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Virginia schools delay in-person classes amid COVID-19 spike

November 17, 2020 GMT
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Sonia Smith, president of the Chesterfield Education Association, speaks to a journalist in her office in Chesterfield, Va., Monday, Nov. 16, 2020. After the coronavirus pandemic forced months of all-virtual schooling, some Virginia school districts had high hopes for bringing students back to school for at least some in-person classes, but with COVID-19 cases surging across the country, including in Virginia, the state's largest school systems have hit the brakes on reopening plans. (AP Photo/Steve Helber)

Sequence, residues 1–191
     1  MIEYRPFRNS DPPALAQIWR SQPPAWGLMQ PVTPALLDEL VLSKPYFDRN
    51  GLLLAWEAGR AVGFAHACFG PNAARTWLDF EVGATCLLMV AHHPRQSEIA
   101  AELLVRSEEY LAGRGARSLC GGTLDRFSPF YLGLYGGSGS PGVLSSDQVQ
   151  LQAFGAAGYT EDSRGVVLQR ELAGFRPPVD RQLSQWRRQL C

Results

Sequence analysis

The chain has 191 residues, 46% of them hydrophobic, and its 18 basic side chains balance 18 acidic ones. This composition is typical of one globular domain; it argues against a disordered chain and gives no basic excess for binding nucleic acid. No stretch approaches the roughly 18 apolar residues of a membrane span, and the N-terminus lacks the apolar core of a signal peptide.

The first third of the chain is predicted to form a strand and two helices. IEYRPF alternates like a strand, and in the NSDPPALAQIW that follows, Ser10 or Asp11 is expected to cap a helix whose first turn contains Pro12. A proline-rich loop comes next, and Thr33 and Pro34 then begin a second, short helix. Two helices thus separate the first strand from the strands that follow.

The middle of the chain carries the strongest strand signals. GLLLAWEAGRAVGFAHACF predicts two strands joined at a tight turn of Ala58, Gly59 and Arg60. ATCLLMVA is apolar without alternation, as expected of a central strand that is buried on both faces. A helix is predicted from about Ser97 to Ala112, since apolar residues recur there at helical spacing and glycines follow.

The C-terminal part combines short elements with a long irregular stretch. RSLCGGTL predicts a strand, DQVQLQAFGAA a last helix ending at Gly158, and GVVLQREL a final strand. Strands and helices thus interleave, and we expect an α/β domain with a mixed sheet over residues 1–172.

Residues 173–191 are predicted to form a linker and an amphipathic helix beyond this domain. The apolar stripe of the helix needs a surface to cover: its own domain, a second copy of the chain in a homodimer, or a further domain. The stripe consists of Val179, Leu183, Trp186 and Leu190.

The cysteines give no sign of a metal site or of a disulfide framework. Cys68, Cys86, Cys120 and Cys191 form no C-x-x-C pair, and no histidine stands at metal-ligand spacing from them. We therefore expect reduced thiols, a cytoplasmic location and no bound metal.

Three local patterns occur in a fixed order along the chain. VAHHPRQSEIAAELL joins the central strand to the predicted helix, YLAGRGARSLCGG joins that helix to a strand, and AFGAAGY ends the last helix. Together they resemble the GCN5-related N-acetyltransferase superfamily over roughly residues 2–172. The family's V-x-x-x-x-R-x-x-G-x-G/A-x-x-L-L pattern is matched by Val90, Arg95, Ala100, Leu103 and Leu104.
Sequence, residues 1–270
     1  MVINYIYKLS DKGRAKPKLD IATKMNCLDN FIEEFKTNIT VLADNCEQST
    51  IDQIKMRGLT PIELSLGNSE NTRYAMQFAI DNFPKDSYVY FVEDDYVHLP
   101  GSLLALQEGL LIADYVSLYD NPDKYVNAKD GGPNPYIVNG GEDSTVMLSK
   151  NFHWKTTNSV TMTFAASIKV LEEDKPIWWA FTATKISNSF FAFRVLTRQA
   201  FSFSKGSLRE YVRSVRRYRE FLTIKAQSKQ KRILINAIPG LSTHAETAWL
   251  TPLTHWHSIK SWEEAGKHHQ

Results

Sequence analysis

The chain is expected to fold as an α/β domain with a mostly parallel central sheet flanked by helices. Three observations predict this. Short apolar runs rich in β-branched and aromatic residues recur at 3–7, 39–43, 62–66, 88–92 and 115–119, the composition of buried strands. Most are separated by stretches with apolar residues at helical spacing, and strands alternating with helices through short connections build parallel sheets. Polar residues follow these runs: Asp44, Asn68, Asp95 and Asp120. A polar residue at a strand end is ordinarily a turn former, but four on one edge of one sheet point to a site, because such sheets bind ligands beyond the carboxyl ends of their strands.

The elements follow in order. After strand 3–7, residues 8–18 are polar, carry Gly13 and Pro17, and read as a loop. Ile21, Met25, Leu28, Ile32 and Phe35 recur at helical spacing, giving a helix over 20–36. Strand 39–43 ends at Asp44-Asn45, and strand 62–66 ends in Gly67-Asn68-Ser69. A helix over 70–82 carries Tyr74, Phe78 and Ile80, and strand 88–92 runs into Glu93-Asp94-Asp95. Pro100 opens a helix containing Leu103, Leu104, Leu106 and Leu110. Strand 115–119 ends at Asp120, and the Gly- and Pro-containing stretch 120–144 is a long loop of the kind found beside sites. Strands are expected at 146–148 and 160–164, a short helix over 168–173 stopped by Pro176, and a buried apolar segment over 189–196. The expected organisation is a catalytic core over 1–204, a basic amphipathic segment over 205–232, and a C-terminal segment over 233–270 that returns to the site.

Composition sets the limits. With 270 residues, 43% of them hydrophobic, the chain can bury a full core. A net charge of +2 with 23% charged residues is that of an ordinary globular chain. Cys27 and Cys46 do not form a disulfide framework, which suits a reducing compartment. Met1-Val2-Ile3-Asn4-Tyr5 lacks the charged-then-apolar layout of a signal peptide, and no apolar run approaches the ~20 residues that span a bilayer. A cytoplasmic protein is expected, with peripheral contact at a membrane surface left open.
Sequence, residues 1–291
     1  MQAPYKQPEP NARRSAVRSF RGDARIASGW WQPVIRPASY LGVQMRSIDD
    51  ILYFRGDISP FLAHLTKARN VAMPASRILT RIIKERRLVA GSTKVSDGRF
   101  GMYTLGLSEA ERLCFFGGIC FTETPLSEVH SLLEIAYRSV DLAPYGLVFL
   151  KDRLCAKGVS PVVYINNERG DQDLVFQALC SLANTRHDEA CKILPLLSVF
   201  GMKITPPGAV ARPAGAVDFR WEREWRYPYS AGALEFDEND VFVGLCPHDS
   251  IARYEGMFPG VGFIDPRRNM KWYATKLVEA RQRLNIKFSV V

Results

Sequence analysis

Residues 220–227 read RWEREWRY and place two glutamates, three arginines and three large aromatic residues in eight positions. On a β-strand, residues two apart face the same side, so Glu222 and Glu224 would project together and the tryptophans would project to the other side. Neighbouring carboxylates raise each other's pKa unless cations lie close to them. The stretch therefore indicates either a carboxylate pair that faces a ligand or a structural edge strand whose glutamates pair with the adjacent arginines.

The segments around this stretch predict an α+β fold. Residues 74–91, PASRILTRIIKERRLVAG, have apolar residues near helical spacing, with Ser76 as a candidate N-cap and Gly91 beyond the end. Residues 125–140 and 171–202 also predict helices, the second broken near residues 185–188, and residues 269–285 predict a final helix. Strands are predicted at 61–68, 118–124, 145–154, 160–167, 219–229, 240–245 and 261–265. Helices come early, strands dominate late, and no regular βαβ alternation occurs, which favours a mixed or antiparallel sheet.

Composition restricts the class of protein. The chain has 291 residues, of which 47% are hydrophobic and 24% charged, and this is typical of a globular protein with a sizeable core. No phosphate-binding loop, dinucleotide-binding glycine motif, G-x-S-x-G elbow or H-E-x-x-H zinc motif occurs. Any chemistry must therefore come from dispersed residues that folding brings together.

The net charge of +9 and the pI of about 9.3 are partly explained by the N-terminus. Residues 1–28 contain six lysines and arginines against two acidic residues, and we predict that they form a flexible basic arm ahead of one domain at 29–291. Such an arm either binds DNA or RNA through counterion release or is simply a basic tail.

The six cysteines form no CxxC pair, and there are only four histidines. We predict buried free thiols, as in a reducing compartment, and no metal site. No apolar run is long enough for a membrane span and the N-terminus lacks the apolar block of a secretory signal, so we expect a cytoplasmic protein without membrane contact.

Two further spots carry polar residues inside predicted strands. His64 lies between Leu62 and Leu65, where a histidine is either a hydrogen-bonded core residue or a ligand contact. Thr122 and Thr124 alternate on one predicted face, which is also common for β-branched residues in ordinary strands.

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Sonia Smith, president of the Chesterfield Education Association, speaks to a journalist in her office in Chesterfield, Va., Monday, Nov. 16, 2020. After the coronavirus pandemic forced months of all-virtual schooling, some Virginia school districts had high hopes for bringing students back to school for at least some in-person classes, but with COVID-19 cases surging across the country, including in Virginia, the state's largest school systems have hit the brakes on reopening plans. (AP Photo/Steve Helber)

RICHMOND, Va. (AP) — After the coronavirus pandemic forced months of online-only learning, some Virginia school districts had high hopes for bringing students back to school for some in-person classes before the end of the year. But with COVID-19 cases surging across the country — including in Virginia — the state’s largest school systems have hit the brakes on reopening plans.